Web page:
The Federal Reserve appears to be making progress on addressing a long- simmering risk in the automated clearing house system.

The Fed, which is the dominant processor of ACH transactions, is expected to propose a solution in mid-May to a problem with the finality of ACH payments. It has gone unresolved since the Fed issued recommendations in 1986 that were never acted upon. The Fed is currently analyzing formal comments on the issue.

Risk arises from the fact that ACH credits are settled and available to corporations and consumers a day before they are considered truly final. The failure of a payment-originating bank could cause havoc among recipients and undermine corporate and consumer confidence in the system, said David Smay, general credit manager and treasurer of Chevron Products Co.

"Most corporations do not realize that finality is a day later," said Mr. Smay, who also is chairman of the Treasury Management Association's payments advisory group.

The Fed is considering recommending that ACH credits become final at the time they are settled. To protect itself, the Fed would require riskier originators to "prefund" reserve accounts or ensure they have enough money in reserve accounts to cover their ACH credits.

The central bank would use its real-time monitoring system to track about 700 banks with potential credit problems. This would give the Fed a degree of risk control similar to what it has with Fed Wire, its large- dollar, real-time funds transfer system.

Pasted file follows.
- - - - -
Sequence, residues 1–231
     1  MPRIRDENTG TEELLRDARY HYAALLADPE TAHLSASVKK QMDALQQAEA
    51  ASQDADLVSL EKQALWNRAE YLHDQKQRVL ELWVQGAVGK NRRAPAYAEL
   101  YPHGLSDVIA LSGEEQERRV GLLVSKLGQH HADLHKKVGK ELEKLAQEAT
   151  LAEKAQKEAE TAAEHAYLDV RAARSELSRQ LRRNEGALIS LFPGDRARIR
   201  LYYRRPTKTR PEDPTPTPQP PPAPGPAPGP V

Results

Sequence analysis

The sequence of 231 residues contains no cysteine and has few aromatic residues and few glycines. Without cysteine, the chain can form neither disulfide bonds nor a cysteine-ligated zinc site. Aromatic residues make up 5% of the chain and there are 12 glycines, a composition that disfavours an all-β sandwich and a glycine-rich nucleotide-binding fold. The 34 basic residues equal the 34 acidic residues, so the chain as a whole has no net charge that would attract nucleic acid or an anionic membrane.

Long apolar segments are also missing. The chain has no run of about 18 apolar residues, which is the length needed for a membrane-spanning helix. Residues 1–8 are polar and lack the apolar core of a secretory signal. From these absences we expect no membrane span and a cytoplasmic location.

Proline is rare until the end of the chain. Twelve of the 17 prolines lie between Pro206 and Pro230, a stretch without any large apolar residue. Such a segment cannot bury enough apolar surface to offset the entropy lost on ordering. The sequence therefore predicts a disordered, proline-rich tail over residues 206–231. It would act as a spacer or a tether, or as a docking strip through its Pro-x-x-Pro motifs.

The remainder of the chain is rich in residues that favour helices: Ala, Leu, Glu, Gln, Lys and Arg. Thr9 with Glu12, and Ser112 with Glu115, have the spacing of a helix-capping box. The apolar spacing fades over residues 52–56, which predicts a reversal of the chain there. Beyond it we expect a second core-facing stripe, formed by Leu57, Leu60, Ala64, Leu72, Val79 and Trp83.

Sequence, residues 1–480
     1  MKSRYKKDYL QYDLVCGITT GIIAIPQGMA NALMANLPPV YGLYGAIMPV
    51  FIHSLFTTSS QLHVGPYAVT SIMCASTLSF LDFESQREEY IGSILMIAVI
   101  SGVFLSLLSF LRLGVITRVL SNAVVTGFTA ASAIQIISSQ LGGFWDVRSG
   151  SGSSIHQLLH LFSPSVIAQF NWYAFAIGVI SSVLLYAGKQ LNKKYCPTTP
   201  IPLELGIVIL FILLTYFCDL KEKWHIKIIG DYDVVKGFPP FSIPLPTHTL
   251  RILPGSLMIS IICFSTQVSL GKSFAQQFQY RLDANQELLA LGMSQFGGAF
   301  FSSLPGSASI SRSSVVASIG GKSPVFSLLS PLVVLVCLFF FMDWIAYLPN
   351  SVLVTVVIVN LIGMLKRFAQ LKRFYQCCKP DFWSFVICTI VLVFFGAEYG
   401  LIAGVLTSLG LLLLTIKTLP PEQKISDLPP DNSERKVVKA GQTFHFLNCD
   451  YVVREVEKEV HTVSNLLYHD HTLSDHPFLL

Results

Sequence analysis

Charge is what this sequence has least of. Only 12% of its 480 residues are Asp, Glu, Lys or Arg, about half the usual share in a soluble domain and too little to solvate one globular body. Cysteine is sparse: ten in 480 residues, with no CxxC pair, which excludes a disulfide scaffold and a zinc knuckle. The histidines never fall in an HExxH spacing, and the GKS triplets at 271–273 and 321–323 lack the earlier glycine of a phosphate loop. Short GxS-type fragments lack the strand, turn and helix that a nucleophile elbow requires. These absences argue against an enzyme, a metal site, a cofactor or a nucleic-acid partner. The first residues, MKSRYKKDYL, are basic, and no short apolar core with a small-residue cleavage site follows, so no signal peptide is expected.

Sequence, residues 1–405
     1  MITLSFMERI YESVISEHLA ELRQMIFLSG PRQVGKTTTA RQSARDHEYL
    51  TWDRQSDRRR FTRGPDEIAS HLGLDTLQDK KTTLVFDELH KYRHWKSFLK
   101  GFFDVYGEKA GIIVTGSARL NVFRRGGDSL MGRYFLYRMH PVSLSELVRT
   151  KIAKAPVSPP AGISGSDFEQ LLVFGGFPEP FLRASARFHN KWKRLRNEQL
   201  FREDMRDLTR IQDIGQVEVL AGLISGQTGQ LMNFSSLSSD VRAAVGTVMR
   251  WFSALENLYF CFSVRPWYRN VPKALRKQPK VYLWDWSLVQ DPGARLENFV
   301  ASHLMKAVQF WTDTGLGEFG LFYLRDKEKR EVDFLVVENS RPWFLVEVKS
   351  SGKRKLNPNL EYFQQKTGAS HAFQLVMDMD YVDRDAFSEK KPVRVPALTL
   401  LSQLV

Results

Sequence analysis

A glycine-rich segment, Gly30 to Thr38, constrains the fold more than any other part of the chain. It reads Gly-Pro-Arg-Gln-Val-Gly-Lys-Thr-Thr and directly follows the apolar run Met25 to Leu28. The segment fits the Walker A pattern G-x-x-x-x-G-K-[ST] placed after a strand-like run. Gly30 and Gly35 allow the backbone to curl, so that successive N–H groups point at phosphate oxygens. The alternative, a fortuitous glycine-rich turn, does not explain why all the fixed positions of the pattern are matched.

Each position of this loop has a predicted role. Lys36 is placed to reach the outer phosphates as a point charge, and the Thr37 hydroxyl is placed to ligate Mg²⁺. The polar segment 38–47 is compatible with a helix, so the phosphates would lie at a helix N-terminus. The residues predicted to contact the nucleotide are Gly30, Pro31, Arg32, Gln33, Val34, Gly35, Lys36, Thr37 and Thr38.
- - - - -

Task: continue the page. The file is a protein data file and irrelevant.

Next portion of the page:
The Fed wants to deal with a type of risk that is sure to cause more concern as larger-value transactions move into the ACH. Though the system was built to accommodate relatively small-dollar recurring payments, such as payroll deposits, the ACH transaction ceiling is $99.9 million.

"While the probability of loss is very small, the fact that the risk is there has been a concern for years," said Barbara Konecky, a vice president at BankAmerica Corp. "Banks want the Fed to close the gap."

Under standard industry practice, corporate customers typically can draw funds from their accounts when settlement occurs. National Automated Clearing House Association rules require banks to make funds available to consumers receiving direct deposits on settlement day.

The Fed proposed in December 1986 to grant finality at settlement for ACH credits valued at less than $5,000. Many bankers viewed that as an arbitrary ceiling, said Ian Macoy, senior director of government relations at Nacha.

Another idea, floated in March 1989, would have granted finality at 6:30 p.m. on settlement day, which "left a whole day of temporal risk when market practice was to grant availability at settlement," Mr. Macoy said. Louise Roseman, associate director of Federal Reserve operations and payments systems, said comments to the Fed generally favored the notion of prefunding. But she added, "I don't think the issues are clear-cut."

People are assuming no adverse effects, such as payroll files' being withheld from processing due to an originating bank's inability to prefund, she said.

In a comment, the Treasury Management Association recommended allowing collateral, which would let originating banks use assets such as marketable securities. The corporate group's other suggestion was to prohibit riskier banks from originating ACH credits.

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